Will the fusion stop all future growth? The fusion will stop growth only over the part of the spine that has spine implants. The spine above and below will continue to grow, and your legs will continue to grow.

What type of metal is in the implants to be used in surgery? The spine implants used will be a combination of titanium and cobalt chrome.

What sports are not recommended after surgery? In general collision sports, such as American football, rugby and wrestling are not recommended. In addition tumbling and gymnastics are not recommended due the stiffening of the spine fusion and since the repetitive, excessive motion may loosen the spine implants, prevent fusion and require repeat surgery. All other contact and noncontact sports are acceptable.

How much school will be missed?
It is expected you will return to school part-time in 2 weeks and full-time 4 weeks after surgery. Contact the school to inform them of the surgery date and the time out of school. Let us know what paperwork is needed.

What are risks of surgery? In general there are two types:
1. There are some risks which are common with all surgeries. General anesthesia is necessary and though the risk of an adverse event occurring is low, it is not zero. Also an incision is made and incisions can have problems healing and get infected. Antibiotics are given before, during and after surgery to minimize the risk of a deep wound infection. There are also many other things which are done to decrease the risk of infection as close to 0% as possible.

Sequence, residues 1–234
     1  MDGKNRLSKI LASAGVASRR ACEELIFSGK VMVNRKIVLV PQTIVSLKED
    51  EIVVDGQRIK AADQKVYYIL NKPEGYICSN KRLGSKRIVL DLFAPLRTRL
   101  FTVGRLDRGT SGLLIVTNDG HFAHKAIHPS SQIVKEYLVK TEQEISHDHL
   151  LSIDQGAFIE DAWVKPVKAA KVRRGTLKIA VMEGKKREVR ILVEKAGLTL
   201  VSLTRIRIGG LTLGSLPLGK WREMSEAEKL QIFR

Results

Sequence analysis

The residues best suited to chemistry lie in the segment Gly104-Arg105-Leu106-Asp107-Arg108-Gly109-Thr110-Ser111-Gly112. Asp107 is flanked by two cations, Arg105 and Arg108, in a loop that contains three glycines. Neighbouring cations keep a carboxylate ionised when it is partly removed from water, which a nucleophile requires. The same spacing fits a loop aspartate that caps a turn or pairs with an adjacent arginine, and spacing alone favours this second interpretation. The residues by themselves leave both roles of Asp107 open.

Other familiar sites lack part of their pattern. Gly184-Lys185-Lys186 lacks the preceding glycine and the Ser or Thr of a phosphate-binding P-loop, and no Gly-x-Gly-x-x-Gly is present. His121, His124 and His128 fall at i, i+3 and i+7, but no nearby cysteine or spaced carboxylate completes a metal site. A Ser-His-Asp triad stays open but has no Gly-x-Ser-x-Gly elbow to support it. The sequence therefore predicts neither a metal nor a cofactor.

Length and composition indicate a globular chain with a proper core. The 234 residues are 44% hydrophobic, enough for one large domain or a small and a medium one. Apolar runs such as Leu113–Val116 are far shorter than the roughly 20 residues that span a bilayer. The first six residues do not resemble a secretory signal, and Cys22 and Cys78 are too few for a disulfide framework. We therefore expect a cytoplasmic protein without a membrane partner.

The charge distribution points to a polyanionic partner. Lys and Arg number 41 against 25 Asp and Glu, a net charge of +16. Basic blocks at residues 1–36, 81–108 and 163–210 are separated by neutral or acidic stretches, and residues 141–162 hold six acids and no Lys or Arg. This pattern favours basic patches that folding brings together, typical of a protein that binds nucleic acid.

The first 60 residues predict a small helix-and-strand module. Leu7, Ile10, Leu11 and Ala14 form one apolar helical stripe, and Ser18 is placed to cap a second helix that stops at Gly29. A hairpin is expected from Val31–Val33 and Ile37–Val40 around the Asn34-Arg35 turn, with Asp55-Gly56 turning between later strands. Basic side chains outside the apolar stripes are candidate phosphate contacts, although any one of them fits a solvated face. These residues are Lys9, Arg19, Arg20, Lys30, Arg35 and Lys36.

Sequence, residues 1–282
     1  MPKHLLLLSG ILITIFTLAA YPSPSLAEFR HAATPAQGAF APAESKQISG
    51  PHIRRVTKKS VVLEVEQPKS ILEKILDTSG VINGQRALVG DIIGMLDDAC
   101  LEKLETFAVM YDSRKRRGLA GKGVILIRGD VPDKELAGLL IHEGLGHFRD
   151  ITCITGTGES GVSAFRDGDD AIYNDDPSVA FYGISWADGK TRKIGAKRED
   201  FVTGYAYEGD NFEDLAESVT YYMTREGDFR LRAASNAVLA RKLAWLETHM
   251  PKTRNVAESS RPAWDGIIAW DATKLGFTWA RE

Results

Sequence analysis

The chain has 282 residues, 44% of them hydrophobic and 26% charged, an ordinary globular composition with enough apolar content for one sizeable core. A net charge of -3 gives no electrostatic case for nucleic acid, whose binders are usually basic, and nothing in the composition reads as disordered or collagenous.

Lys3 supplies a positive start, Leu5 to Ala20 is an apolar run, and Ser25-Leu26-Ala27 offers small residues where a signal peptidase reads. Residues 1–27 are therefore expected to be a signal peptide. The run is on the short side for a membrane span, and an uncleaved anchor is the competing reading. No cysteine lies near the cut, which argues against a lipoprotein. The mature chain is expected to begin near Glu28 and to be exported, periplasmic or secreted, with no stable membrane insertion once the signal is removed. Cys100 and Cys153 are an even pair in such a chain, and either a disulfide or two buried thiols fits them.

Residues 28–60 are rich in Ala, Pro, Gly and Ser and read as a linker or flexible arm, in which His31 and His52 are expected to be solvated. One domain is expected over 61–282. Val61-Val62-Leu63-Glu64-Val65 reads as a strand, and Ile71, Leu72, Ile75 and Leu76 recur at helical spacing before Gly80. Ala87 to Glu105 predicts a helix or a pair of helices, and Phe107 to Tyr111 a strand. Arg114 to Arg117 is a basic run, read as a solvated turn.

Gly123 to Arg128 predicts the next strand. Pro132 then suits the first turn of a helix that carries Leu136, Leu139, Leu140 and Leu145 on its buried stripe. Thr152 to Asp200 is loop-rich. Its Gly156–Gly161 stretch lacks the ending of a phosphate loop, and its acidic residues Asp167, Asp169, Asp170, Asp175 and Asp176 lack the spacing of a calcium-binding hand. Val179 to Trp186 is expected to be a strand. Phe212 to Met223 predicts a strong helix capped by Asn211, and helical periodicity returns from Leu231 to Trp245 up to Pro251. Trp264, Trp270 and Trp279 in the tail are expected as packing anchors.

2. There are other risks which are unique to the spine. The spine surgery will be on the spinal column, or the bone of the spine. Inside of the bone is the spinal cord, and nerves, which runs from the brain to the lower extremities. For the purpose of the surgery the spinal cord and nerves acts like a wire from the brain to the legs, enabling muscle function and sensation in the legs and controls bowel and bladder function. During surgery the spinal cord function is continuously monitored by a Neuromonitoring specialist. If the spinal cord function becomes abnormal this is usually detected quickly using motor and sensory tract monitoring. This usually, but not always, occurs during correction if the spinal deformity, typically as the deformity is maximally corrected. If this happens the surgeon is alerted quickly and several actions are taken simultaneously to get return of normal spinal cord function.  If this happens there is over a 90% chance that the neurologic condition will return to baseline. We are always prepared for neurologic problems during surgery.

What are the most likely complications after a spine fusion? As mentioned above anesthetic problems, wound infection, neurologic deficit (paralysis, bowel or bladder incontinence, nerve problem, etc...), failure of fusion, implant breakage or pullout, cerebrospinal fluid leak, need for additional surgery, and postoperative pain.

How do you choose what spine implants to use for each surgery? Most spine fusions currently are performed from the back through one midline incision. The implants used are mainly based on patient size. There are different sized system to maximize correction and fusion yet to be as low profile as possible.

Where is the incision for a fusion and how long is it? There is one incision in the middle of the back and it is as long as the planned fusion.

How is the skin closed at the end of surgery? Staples vs. sutures vs. glue? A plastic surgery-type closure is performed leaving no sutures/stitches above the skin level. All sutures are absorbable and will dissolve and disappear with time.  On the skin there will only be glue, much like the Super Glue you can buy at the store, which gradually falls off in 3-4 weeks.

Can I put vitamin E on the incision? After the skin had completely healed, and the glue falls off, can lotions be applied. It is inconclusive that vitamin E lotion improves the appearance of surgical scars.

Will I need a brace after surgery? No